A Florida bill, which is headed to the desk of Gov. Rick Scott, would allow Jacksonville to extend the timeline over which it is required to pay down its unfunded pension liabilities.
Florida municipalities have 30 years to pay off their pension debt; the bill would let Jacksonville go beyond that period.
The result would be less burdensome pension payments in the near-term. But the plan is more costly in the long-term.
More from the Florida Times-Union:
State law says local pension plans can spread out the payoff of their unfunded pension liabilities over a 30-year period. The bill approved by the Legislature would grant Jacksonville the ability to go “beyond the 30-year maximum period,” according to an analysis of the bill by the Department of Management Service.
In a Feb. 5 analysis of the pension bill, the department says provisions in the legislation might run counter to state law’s goal of preventing the transfer of pension costs to “future taxpayers that should reasonably be borne by current taxpayers.”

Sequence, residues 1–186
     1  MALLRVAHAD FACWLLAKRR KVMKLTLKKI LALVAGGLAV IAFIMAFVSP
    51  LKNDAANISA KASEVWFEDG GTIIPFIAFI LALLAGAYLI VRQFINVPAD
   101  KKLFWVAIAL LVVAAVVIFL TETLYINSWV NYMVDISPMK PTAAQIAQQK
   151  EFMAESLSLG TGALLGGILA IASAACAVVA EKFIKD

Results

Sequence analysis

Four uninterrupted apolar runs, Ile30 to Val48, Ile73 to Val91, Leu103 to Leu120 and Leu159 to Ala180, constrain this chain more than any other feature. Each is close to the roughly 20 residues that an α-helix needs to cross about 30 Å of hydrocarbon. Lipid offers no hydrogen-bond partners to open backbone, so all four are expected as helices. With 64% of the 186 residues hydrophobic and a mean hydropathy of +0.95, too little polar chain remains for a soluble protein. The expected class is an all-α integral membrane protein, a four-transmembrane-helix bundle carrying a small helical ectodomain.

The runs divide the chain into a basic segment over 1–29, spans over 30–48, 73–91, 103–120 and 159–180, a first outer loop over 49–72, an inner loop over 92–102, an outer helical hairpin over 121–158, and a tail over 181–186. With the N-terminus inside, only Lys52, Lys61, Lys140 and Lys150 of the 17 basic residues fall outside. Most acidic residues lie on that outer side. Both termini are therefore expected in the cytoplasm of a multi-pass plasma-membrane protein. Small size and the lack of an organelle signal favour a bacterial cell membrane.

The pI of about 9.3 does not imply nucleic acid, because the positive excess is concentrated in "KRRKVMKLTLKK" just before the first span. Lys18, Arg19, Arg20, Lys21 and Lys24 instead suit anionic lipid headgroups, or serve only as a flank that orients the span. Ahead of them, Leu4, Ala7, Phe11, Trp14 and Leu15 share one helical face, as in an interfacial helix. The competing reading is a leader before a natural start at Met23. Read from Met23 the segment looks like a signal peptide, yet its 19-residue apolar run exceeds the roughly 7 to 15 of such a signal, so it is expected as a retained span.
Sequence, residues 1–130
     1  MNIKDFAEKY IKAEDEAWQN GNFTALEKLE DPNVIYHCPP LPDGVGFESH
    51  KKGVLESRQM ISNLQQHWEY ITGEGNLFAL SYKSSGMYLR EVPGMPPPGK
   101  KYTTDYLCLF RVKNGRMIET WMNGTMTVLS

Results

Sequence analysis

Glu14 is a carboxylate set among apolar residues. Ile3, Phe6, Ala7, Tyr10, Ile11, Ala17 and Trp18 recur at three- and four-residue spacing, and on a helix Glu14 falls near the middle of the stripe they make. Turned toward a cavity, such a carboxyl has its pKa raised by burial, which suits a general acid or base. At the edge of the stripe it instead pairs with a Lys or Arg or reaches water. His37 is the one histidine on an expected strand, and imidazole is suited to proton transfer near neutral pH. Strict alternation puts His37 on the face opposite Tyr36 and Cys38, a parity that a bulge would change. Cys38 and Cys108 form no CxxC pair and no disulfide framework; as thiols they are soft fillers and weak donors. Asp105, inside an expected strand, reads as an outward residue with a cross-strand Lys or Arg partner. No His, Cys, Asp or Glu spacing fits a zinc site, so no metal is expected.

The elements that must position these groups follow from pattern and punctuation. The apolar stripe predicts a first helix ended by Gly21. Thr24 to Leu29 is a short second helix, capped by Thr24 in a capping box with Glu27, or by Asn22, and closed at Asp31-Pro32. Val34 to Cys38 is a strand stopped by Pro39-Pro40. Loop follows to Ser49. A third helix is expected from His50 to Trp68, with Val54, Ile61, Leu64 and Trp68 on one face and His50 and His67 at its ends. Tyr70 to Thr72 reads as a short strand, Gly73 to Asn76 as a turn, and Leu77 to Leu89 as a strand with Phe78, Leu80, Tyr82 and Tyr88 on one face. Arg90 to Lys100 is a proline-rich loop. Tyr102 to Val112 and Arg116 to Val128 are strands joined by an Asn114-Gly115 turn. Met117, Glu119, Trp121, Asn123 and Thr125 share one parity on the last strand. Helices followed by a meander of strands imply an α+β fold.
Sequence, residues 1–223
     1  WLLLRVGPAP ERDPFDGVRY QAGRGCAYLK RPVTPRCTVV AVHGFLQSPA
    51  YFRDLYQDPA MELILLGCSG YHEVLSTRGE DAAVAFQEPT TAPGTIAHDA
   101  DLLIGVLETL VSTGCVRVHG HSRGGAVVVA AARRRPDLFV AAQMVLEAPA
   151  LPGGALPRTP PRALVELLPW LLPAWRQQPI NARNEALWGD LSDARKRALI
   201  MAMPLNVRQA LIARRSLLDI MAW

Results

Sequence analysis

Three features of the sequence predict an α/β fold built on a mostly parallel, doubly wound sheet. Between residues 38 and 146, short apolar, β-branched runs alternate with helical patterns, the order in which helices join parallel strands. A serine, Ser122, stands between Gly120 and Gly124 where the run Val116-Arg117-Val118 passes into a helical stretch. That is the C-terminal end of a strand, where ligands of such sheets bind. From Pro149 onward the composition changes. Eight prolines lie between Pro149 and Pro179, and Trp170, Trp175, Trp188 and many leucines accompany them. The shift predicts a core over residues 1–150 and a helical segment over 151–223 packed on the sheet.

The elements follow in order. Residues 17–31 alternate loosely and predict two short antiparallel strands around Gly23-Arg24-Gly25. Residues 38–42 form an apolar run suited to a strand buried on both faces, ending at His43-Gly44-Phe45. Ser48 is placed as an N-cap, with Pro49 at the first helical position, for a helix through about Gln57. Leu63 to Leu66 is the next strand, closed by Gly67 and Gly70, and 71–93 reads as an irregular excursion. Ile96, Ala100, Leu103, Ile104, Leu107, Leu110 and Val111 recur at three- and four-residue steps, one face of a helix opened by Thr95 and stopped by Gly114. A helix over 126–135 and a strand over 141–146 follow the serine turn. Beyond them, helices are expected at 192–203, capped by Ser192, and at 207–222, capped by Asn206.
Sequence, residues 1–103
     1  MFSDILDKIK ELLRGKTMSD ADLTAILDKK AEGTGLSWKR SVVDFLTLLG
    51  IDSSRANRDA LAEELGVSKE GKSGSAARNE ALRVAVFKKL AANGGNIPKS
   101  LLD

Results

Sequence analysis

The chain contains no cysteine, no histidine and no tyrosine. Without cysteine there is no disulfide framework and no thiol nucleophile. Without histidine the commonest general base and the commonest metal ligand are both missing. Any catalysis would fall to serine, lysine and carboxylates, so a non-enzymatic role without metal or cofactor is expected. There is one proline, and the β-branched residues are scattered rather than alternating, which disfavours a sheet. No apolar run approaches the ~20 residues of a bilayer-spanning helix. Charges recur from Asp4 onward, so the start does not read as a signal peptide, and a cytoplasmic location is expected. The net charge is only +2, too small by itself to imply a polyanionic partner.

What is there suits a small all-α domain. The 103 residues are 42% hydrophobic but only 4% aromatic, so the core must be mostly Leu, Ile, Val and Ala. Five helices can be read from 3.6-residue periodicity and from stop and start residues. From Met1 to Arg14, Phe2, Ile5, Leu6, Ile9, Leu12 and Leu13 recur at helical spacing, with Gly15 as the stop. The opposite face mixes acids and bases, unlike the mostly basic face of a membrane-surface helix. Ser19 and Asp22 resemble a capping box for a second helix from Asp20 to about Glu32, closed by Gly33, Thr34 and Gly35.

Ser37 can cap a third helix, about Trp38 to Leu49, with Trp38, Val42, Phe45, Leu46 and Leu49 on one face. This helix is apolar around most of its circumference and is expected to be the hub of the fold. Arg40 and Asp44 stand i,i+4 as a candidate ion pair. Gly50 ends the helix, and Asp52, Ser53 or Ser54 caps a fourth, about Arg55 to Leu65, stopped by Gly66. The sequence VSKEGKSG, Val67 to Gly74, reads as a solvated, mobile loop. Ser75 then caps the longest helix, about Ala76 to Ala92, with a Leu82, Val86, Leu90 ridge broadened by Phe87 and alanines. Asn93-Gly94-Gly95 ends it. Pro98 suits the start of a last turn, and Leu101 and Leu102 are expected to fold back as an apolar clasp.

The bill gives Jacksonville two options for gaining financial benefits before the sales tax money actually starts flowing:
■ The city could take the projected sales tax revenue from 2030 through 2060 and convert into a present-day value, which would count on paper as a financial asset. As a result, the city’s required contribution to the pension plan would be less.
■ The city could borrow money and use it to help pay a portion of the annual pension cost. The city would repay the borrowed money when the pension tax begins.
In addition, Jacksonville would gain some immediate financial relief on pension costs by being able to spread the payoff beyond the 30-year maximum period that applies to pension plans in the state. Jacksonville would only be able to get the financial breathing space if voters approved the half-cent sales tax.
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